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Advisors registered with the Investment Industry Regulatory Organization of Canada (IIROC) have limited options when it comes to fulfilling their continuing education (CE) requirements, says a CE course provider.

According to John Waldron, founder of Toronto-based Learnedly Canada Inc., a conflict of interest exists at the Continuing Education Course Accreditation Process (CECAP), which is the service provider that accredits IIROC’s CE courses.

The problem, Waldron says, is that CECAP is administered by the Canadian Securities Institute (CSI), which also is a course provider. Waldron believes this arrangement gives the CSI an unfair advantage over its competitors in getting its courses accredited. Both CECAP and the CSI are owned by Toronto-based Moody’s Analytics Global Education (Canada) Inc.

While this arrangement might seem as if it affects only course providers, Waldron, who previously worked for the CSI, says it affects advisors as well: “IIROC registrants – the advisors themselves – are being limited in terms of course options because of this.”

Waldron says course providers such as his have stopped submitting courses to CECAP for accreditation, leaving IIROC advisors with fewer options for fulfilling their CE requirements. (Newcom Media Inc., parent company of Investment Executive [IE], owns CE Corner, which provides CE material for IIROC registrants.)

In August, Waldron wrote a response to IIROC’s proposed amendments to its CE program. In that comment, he noted that CECAP’s “punitive” accreditation fees are significantly higher than those of other accreditation bodies.

CECAP states on its website that the service provider charges $585 to accredit a one-hour course. This amount comprises a $210 assessment fee and a $375 application fee.

By comparison, FP Canada, the standards body for certified financial planners, charges $70 to accredit a one-hour course. The Institute for Advanced Financial Education – a designation body for financial services providers specializing in advanced estate, wealth-transfer and living benefits planning – charges $125 to accredit a one-hour course.

Perhaps more concerning than CECAP’s fees, Waldron suggests, is that the CSI can submit courses to CECAP for accreditation “essentially at no cost” because the CSI and CECAP are owned by the same company. This, he says, means the CSI is essentially paying itself to have its courses evaluated.

In an email responding to questions from IE, Marc Flynn, senior director, regulatory relations and credentialing with the CSI, wrote: “In order to avoid any potential conflict, the CECAP administration and course evaluation is done completely by third-party consultants. CSI staff [are] not involved in the evaluation process.”

Waldron accepts that no CSI staff are involved in accrediting CSI courses, but he still argues that the CSI can submit courses for accreditation at a lower cost than other CE providers.

“[The CSI’s] only out-of-pocket [expense] is whatever it’s going to pay the [third-party] consultant,” Waldron says.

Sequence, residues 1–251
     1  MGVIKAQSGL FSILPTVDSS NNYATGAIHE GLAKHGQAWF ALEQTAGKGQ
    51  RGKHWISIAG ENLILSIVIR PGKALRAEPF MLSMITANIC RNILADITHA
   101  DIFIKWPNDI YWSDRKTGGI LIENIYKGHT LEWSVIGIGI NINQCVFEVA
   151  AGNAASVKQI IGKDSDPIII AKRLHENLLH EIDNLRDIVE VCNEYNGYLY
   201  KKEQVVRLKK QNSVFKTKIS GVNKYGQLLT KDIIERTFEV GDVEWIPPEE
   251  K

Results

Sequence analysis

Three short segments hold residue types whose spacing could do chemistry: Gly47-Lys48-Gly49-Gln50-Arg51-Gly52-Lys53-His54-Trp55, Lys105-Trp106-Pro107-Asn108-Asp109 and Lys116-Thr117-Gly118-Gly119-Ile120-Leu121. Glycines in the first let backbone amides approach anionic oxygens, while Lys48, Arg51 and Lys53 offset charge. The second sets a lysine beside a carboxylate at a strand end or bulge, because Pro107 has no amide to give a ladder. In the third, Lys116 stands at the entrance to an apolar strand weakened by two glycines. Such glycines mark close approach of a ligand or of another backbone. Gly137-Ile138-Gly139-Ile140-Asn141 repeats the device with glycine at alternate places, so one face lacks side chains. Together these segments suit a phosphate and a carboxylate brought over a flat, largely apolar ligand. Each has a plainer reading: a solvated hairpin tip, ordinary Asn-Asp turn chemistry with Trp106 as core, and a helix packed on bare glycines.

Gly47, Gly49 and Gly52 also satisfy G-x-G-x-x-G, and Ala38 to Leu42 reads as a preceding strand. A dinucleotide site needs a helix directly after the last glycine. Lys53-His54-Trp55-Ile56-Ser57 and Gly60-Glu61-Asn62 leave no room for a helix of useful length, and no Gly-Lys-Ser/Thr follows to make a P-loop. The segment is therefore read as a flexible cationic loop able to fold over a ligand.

Waldron also says that if a course provider wants to alter and resubmit a course to CECAP, the course provider must pay both an assessment fee and a new application fee in full a second time. The CSI, he surmises, would be able to resubmit the same course several times at a “pretty negligible” cost.

IE contacted both the CSI and Moody’s to ask for comments on the suggestion that the CSI can submit courses to CECAP at a lower cost than its competitors. Neither party responded.

Another consideration is that Moody’s, the CSI’s parent company, is being paid by the CSI’s competitors when they submit courses for accreditation. On CECAP’s website, course providers are instructed to make application fee cheques payable to Moody’s. CECAP “shouldn’t be a profit centre for anyone,” Waldron says.

An email from a Moody’s spokesperson states: “All final accreditation decisions for CECAP courses are made by IIROC. CSI courses are evaluated through the same third-party process and criteria stipulated and required by IIROC for all providers.”

IIROC declined a request for an interview to explain why it had chosen the CSI to administer CECAP, but an email from IIROC states: “IIROC believes in the fairness and transparency of its continuing education program and, as a part of this, IIROC ensures that no competitive advantage exists from one provider to another.”

CE course providers are not required to submit courses to CECAP for accreditation. IIROC registrants are allowed to take courses that aren’t accredited by CECAP in order to meet their CE requirements, according to instructions on IIROC’s website, but registrants’ firms must ensure the courses meet IIROC’s CE requirements.

“I think there’s consensus that if [a CE course is] not CECAP-accredited, dealer firms run the risk of being audited or called out by IIROC,” Waldron says.

Waldron has other issues with CECAP. He says that when he asked CECAP to reveal the rubric CECAP uses to evaluate courses, he was told that information is “proprietary.” He also points to CECAP’s “comfortable” relationship with the CSI’s content, noting that a 2009 CSI update on the Conduct and Practices Handbook was recertified by CECAP for two additional CE cycles, extending into 2017.

While Waldron would welcome the abolition of CECAP, he says that if IIROC opens up CE accreditation to other service providers, that would at least level the playing field.

“Just adding one alternative would … restore some balance. If another accreditation provider came along, people would naturally go to them because CECAP is so expensive and so unaccommodating for [CE] course providers,” Waldron says.

An email to IE from IIROC states: “IIROC is always open to explore opportunities to improve upon its existing CE process and we remain receptive to feedback.” IE